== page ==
8.
J Pediatr Urol ; 12(4): 227.e1-7, 2016 Aug.
Artigo em Inglês | MEDLINE | ID: mdl-27160979

RESUMO

INTRODUCTION: Posterior urethral valves (PUV) are among the most common urological causes of chronic kidney disease (CKD) in childhood. Recently, genomic imbalances have been cited as potential risk factors for altered kidney function and have been associated with CKD. The phenotypic effects of a copy number variant (CNV) in boys with PUV are unknown. Here, it was hypothesised that the progression to early renal failure in PUV patients may be influenced by genetic aberrations. OBJECTIVE: To assess the relationship between CNVs and renal outcomes. PATIENTS AND METHODS: Between September 2012 and July 2015, 45 children with PUV were recruited to evaluate the presence of CNVs in their DNA. The patients' medical records were retrospectively reviewed. The criteria for outcomes of renal function included: assessments of the nadir serum creatinine in the first year of life, the estimated glomerular filtration rate at 1 and 5 years, and the requirement for renal replacement. RESULTS: Thirteen CNVs were identified in 12 boys (29% of the cohort). Microarray analysis revealed two pathogenic CNVs (well-established CNVs known to be associated with genetic disease) and 11 of unknown significance (CNVs with insufficient current available evidence for unequivocal determination of clinical significance), including genes that have been previously implicated in kidney diseases and urogenital disorders. The median follow-up was 10.2 years (range 3-17.5) in the group of patients with CNV compared with 5.8 years (range 1-16.6) in those CNV-. The nadir creatinine values were significantly higher in boys with CNVs than in those without CNVs (57.5 µmol/L (range 23-215) and 28 µmol/L (range 18-155), respectively (P = 0.05) (Figure). Boys CNV+ had a worse prognosis, with a higher incidence of Stage-V CKD compared with the control group (33% with CNVs vs. 9% in CNV-, P = 0.06) at a median age of 22 months (range 8 months-16 years). Four (33%) patients CNV+ underwent renal transplantation. DISCUSSION: The role of CNVs in the deterioration of renal function remains unknown. It can be hypothesised that CNVs could be a contributing factor or may serve as an accelerant for the progression to renal failure. CONCLUSION: The CNVs >100 Kb were significantly associated with early onset renal failure in children with PUV. Prenatal detection of CNV could help to identify foetuses at high risk of severe renal impairment in cases of suspected PUV, especially in cases without oligohydramnios or severe pulmonary hypoplasia. These preliminary results should be confirmed in a larger cohort of patients.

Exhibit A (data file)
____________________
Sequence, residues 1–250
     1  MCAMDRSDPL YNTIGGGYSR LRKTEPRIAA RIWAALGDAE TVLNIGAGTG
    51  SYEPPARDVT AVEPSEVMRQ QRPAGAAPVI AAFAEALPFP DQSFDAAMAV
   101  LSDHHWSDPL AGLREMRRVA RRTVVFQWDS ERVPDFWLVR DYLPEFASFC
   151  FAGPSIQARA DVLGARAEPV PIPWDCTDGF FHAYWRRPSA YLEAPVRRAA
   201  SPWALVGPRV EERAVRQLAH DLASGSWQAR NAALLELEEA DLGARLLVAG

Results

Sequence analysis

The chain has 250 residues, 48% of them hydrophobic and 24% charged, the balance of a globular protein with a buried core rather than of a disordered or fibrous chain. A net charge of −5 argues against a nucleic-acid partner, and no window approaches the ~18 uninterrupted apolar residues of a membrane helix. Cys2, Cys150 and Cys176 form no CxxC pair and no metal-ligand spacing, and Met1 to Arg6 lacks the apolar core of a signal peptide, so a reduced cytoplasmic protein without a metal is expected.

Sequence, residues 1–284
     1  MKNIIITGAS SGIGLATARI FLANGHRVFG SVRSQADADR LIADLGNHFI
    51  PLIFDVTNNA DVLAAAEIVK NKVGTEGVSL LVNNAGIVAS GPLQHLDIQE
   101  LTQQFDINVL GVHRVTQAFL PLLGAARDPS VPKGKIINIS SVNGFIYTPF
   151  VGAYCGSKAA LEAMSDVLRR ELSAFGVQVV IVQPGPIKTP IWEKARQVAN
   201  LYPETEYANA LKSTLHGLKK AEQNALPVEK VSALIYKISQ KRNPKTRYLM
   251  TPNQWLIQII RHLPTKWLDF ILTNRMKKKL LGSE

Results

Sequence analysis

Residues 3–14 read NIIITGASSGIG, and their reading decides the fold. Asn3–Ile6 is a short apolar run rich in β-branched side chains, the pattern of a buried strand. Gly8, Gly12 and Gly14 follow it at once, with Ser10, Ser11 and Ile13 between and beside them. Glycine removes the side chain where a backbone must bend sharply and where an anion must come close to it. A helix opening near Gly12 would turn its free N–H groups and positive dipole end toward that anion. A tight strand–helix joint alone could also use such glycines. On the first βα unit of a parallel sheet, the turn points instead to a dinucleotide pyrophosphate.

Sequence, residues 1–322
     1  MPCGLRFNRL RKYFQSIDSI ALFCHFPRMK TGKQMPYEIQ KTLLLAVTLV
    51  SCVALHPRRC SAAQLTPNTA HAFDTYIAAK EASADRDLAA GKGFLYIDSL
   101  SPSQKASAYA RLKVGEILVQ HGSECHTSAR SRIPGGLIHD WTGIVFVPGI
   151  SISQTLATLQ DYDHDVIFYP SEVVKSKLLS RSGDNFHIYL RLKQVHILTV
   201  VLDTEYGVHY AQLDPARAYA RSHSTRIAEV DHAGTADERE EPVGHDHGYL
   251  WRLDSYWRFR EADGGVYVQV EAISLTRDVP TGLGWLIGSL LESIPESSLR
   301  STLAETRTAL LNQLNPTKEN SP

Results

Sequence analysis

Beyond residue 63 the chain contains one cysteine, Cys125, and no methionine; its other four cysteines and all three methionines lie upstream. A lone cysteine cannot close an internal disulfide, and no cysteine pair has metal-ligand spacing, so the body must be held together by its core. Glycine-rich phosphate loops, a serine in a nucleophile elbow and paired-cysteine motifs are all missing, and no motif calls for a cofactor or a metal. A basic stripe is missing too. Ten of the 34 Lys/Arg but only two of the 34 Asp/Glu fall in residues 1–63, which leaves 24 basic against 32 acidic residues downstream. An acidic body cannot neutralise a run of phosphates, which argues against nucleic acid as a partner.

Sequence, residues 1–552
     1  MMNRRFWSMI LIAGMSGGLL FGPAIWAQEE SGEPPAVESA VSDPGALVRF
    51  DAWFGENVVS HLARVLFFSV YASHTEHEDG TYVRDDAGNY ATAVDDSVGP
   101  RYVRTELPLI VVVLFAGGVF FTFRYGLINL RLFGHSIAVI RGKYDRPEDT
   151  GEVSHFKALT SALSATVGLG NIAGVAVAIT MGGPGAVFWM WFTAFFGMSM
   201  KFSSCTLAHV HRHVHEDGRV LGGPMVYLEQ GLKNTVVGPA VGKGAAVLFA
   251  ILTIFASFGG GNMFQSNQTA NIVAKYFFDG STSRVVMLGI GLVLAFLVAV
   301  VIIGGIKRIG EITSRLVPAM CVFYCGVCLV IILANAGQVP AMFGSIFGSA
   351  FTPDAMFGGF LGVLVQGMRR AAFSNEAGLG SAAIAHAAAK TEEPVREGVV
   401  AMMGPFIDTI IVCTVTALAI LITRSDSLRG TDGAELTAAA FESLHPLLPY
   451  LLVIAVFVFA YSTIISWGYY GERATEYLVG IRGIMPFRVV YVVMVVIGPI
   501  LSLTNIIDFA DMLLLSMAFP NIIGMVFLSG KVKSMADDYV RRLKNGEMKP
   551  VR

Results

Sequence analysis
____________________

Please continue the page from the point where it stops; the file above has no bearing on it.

Assuntos
Variações do Número de Cópias de DNA , Insuficiência Renal/diagnóstico , Insuficiência Renal/genética , Uretra/anormalidades , Adolescente , Criança , Pré-Escolar , Progressão da Doença , Humanos , Lactente , Masculino , Valor Preditivo dos Testes , Insuficiência Renal/etiologia , Estudos Retrospectivos , Doenças Uretrais/complicações
10.
Persoonia ; 37: 218-403, 2016 12.
Artigo em Inglês | MEDLINE | ID: mdl-28232766

RESUMO